A thermodynamic and optical assessment of soluble carbon particulate effects on lipid film structure and organization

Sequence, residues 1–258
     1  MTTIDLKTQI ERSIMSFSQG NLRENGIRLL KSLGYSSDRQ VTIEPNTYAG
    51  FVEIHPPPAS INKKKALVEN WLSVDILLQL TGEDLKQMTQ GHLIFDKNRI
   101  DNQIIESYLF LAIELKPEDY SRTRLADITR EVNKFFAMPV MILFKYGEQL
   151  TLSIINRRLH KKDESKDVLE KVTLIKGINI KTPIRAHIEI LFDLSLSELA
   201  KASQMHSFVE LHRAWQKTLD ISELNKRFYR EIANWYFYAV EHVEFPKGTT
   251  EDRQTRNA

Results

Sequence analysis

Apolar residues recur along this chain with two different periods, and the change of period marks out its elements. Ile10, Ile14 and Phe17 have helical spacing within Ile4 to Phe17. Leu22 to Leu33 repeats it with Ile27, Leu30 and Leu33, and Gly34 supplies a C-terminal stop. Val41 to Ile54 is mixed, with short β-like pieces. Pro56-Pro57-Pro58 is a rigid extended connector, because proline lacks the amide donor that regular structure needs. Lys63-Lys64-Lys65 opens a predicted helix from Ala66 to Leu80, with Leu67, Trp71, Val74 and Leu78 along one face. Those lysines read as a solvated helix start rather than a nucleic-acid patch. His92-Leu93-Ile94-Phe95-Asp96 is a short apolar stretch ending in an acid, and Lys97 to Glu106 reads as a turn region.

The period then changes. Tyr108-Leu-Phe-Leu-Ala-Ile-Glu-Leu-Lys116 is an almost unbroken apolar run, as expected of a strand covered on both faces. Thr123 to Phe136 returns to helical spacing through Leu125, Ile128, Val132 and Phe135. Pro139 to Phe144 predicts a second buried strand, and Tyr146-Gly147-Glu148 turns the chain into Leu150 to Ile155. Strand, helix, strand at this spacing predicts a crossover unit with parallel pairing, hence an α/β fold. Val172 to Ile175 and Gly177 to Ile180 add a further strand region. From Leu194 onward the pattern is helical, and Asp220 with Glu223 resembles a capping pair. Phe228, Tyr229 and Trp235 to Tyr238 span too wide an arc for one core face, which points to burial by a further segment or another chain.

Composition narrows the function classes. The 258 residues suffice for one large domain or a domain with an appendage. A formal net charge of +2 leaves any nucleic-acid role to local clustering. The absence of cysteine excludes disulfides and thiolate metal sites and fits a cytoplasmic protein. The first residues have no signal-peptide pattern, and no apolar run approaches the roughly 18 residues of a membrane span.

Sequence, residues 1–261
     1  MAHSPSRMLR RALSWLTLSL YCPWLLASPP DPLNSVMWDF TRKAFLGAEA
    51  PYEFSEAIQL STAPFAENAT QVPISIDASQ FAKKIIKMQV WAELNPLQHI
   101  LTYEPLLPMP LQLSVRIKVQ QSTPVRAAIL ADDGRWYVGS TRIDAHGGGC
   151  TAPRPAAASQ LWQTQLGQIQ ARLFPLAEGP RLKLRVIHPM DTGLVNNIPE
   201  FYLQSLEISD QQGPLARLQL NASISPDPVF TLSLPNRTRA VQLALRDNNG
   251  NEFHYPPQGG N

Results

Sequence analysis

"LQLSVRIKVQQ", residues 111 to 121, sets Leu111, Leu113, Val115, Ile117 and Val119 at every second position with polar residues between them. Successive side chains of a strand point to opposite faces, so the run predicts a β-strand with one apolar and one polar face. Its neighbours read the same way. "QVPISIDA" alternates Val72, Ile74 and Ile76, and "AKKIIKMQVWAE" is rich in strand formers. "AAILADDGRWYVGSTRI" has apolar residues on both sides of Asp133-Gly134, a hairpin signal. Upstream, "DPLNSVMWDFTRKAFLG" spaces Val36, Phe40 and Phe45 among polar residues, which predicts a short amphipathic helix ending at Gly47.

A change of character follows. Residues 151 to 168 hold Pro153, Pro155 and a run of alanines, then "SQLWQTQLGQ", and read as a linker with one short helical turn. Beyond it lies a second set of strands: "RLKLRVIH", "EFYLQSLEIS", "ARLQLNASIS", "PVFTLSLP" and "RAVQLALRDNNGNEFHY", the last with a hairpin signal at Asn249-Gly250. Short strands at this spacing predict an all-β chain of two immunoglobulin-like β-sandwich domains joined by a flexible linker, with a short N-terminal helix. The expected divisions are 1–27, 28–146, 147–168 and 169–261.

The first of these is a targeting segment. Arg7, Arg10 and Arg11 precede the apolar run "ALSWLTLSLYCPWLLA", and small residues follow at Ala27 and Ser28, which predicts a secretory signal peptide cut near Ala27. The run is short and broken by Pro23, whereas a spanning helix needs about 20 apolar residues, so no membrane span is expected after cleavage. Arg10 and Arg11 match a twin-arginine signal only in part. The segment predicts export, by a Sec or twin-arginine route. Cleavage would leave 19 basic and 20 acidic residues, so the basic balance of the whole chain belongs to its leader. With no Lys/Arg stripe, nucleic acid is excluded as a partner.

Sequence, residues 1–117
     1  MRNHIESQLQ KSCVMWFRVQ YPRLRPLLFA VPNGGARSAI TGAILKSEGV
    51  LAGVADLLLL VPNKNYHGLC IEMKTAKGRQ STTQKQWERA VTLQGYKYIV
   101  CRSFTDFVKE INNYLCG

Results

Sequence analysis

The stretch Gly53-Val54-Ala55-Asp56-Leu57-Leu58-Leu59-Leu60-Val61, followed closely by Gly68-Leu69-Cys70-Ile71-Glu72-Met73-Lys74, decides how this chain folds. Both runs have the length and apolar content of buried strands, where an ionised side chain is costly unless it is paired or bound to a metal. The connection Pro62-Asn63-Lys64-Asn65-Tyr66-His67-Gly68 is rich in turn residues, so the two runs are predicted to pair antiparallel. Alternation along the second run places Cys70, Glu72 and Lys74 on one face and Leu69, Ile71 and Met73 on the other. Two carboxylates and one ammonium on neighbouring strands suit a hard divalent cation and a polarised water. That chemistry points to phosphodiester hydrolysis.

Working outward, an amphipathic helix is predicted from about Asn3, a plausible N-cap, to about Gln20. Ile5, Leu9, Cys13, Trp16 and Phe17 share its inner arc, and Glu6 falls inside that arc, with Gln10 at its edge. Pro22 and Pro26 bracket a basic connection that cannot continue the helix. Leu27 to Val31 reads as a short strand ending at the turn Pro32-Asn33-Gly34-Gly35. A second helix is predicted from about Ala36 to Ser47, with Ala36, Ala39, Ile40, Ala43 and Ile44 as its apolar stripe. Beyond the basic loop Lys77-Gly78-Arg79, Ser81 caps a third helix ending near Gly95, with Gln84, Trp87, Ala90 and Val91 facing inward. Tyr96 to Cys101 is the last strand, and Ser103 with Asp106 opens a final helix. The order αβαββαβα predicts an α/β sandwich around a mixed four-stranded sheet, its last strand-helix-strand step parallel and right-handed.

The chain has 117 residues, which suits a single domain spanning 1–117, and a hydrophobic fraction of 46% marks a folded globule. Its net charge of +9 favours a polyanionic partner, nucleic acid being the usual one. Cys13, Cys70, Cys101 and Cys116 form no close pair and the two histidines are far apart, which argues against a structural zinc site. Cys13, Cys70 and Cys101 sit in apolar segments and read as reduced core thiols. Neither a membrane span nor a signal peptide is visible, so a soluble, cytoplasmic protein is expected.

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Research described in this thesis investigates the effects of carbonaceous particulate matter on model biological membrane structure, organization, and function. Although the harmful impacts of black carbon are well-documented, researchers lack the chemically-specific, mechanistic information necessary for understanding how black carbon aerosols affect lung surfactant spreading and compression. Surface specific optical spectroscopy methods together with complementary thermodynamic methods are used to measure how carbon nanoparticles, a model for black carbon aerosols that are a component of particulate matter (PM 2.5 ), change average lipid conformation, orientation, thickness, and compressibility in monolayers, and how these changes affect overall membrane organization. Addressing these questions requires a suite of independent, but complementary, experimental techniques including Langmuir trough and surface tension measurements, surface specific nonlinear optical spectroscopy measurements including both second harmonic generation and sum frequency generation, and spectroscopic ellipsometry measurements. Work presented in this thesis discusses cooperative adsorption as a possible mechanism to explain the interactions between DPPC monolayers and PHFs at biologically-relevant aqueous - air interfaces. The experiments forthcoming represent a detailed investigation of 1) the mechanism(s) responsible for accumulation of carbon particulates at the aqueous/monolayer/air interface present in the lungs, and 2) how specific thermodynamic behavior and optical properties (i.e. structure, composition, membrane integrity, orientation, thickness, and organization) at the aqueous/monolayer/air interface change with the inclusion of non-biological, nano-sized materials. Motivating this work is a need to develop a predictive understanding of black carbon - lung surfactant interactions and how non-biological, nano-sized materials impact membrane structure and function.